Do you suffer from heel pain? Is it worse first thing in the morning or when you work out? Then you may be among the estimated two million Americans diagnosed with plantar fasciitis each year. A common condition, with one in 10 people affected in their lifetime, plantar fasciitis can cause such significant heel pain that it interferes with your daily activities.
Plantar fasciitis results when your plantar fascia, a thick band of tissue that connects your toes to your heel bone, becomes inflamed. The condition can cause a range of symptoms like:
Treatment depends on the intensity of the pain and extent of the injury.
Although anyone can develop plantar fasciitis, certain risk factors make it more likely for you to develop the condition. At Scheffel Foot Center, we’re here to share three of the most common risk factors for the condition and what you can do if you have this podiatry issue.
The third most common injury for runners, plantar fasciitis often develops among those who jog and run, especially long distance. Because running places all of your body’s weight on the ball of the foot, it causes the fascia to stretch and contract over and over again.
In just a few miles, your plantar fascia can go through at least a thousand stretching/contracting cycles, causing inflammation in the tissue, as well as micro-tears and lesions. What’s more, when you overtrain or increase your mileage, speed, or incline, you can strain the plantar fascia and may end up with plantar fasciitis.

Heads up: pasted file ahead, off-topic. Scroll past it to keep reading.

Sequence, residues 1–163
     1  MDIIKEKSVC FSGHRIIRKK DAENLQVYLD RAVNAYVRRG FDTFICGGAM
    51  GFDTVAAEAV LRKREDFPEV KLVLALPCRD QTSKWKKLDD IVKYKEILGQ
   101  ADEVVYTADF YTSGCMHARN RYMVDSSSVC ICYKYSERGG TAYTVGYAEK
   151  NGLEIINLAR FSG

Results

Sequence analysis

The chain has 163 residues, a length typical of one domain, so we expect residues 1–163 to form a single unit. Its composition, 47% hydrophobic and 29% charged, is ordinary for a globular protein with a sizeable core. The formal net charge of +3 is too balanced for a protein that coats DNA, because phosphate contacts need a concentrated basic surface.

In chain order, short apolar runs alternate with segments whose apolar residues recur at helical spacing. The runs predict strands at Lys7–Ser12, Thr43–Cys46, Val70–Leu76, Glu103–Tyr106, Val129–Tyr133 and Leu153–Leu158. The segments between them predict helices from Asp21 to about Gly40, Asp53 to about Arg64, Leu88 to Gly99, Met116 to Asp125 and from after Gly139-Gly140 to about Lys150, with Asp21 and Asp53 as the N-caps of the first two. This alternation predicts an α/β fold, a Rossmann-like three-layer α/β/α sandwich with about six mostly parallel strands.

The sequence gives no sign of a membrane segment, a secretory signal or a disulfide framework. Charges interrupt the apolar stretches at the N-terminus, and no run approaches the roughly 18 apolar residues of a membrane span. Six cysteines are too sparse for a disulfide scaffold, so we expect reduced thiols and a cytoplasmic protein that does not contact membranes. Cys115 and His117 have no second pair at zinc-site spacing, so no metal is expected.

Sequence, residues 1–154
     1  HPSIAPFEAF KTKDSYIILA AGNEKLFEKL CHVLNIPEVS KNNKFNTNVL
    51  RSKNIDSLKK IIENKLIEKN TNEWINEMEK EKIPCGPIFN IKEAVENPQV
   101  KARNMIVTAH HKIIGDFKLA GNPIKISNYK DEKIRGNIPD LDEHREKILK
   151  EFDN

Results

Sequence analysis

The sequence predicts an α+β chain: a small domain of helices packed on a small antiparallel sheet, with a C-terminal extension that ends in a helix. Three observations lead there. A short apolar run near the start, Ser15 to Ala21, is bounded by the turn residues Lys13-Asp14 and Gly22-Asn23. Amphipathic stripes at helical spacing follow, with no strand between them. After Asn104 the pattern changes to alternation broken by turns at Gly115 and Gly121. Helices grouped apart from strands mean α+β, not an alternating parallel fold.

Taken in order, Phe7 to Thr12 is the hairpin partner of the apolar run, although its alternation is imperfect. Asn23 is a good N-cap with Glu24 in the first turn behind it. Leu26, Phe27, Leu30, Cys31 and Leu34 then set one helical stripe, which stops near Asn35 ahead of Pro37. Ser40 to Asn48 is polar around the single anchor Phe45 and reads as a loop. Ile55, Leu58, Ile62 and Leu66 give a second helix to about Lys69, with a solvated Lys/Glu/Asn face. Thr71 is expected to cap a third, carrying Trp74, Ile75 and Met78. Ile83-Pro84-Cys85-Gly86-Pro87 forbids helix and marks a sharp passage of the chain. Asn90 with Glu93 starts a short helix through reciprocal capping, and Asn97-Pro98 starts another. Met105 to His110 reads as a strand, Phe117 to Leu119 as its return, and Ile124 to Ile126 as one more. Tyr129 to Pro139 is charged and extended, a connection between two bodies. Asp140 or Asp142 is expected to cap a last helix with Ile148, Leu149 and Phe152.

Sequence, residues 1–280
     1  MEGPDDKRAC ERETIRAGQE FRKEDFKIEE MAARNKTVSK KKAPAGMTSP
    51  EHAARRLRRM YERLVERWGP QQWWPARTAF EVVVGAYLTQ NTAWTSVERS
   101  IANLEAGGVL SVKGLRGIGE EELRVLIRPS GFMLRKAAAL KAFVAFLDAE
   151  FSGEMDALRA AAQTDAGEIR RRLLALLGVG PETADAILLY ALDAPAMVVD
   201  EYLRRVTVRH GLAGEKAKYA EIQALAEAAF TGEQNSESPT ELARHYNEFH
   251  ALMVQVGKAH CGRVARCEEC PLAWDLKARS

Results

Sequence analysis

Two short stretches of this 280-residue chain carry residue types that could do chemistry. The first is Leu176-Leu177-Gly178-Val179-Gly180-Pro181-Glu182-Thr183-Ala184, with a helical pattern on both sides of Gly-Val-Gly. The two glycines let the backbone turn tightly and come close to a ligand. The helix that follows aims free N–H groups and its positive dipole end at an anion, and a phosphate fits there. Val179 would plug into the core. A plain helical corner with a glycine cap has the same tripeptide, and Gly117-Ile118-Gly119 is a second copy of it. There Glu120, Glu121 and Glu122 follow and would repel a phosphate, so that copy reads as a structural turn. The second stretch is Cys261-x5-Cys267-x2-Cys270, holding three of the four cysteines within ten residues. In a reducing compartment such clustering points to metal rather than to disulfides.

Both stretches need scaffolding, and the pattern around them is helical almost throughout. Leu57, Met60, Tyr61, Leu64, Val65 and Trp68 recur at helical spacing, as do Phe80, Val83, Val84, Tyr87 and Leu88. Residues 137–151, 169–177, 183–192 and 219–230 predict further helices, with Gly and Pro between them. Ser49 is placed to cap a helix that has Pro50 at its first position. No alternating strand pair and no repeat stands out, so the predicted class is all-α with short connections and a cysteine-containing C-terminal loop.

The mechanics of your foot can make plantar fasciitis more likely to develop. Those who have flat feet or high arches often distribute weight in a way that puts extra stress on the plantar fascia and leads to foot pain.
People with flat feet commonly have excessive foot pronation, causing the foot to roll inward, which strains the plantar fascia. In people with high arches, the plantar fascia supports the arch, and when it’s high, it can put added strain on the tissue.
If your work requires that you spend much of your day on your feet, you’re also at a higher risk for developing plantar fasciitis than people who sit at work. We often see teachers and factory workers with the condition, because prolonged standing can strain the fascia. And when you stand every day for work, you don’t give the tissue the necessary time and rest it needs to heal and recover.
The risk of plantar fasciitis increases with age; It’s more common in individuals between 30 and 60 years old.
Regardless of the risk factors that led to your plantar fasciitis, there are things you can do at home to heal and lower your pain. Stretching the foot and ankle is our first recommendation, as the condition is often associated with having less flexible ankles, Achilles tendons, and calf muscles.
Other approaches to relieving plantar fasciitis include:
When these measures don’t reduce your pain, you may need medical intervention. We often recommend over-the-counter anti-inflammatory medications. When this isn’t enough, Dr. Scheffel may recommend injections of corticosteroids. Surgery is rarely necessary.
If you’re suffering from heel pain, contact Dr. Scheffel for evaluation, either by calling the office or using the online booking tool.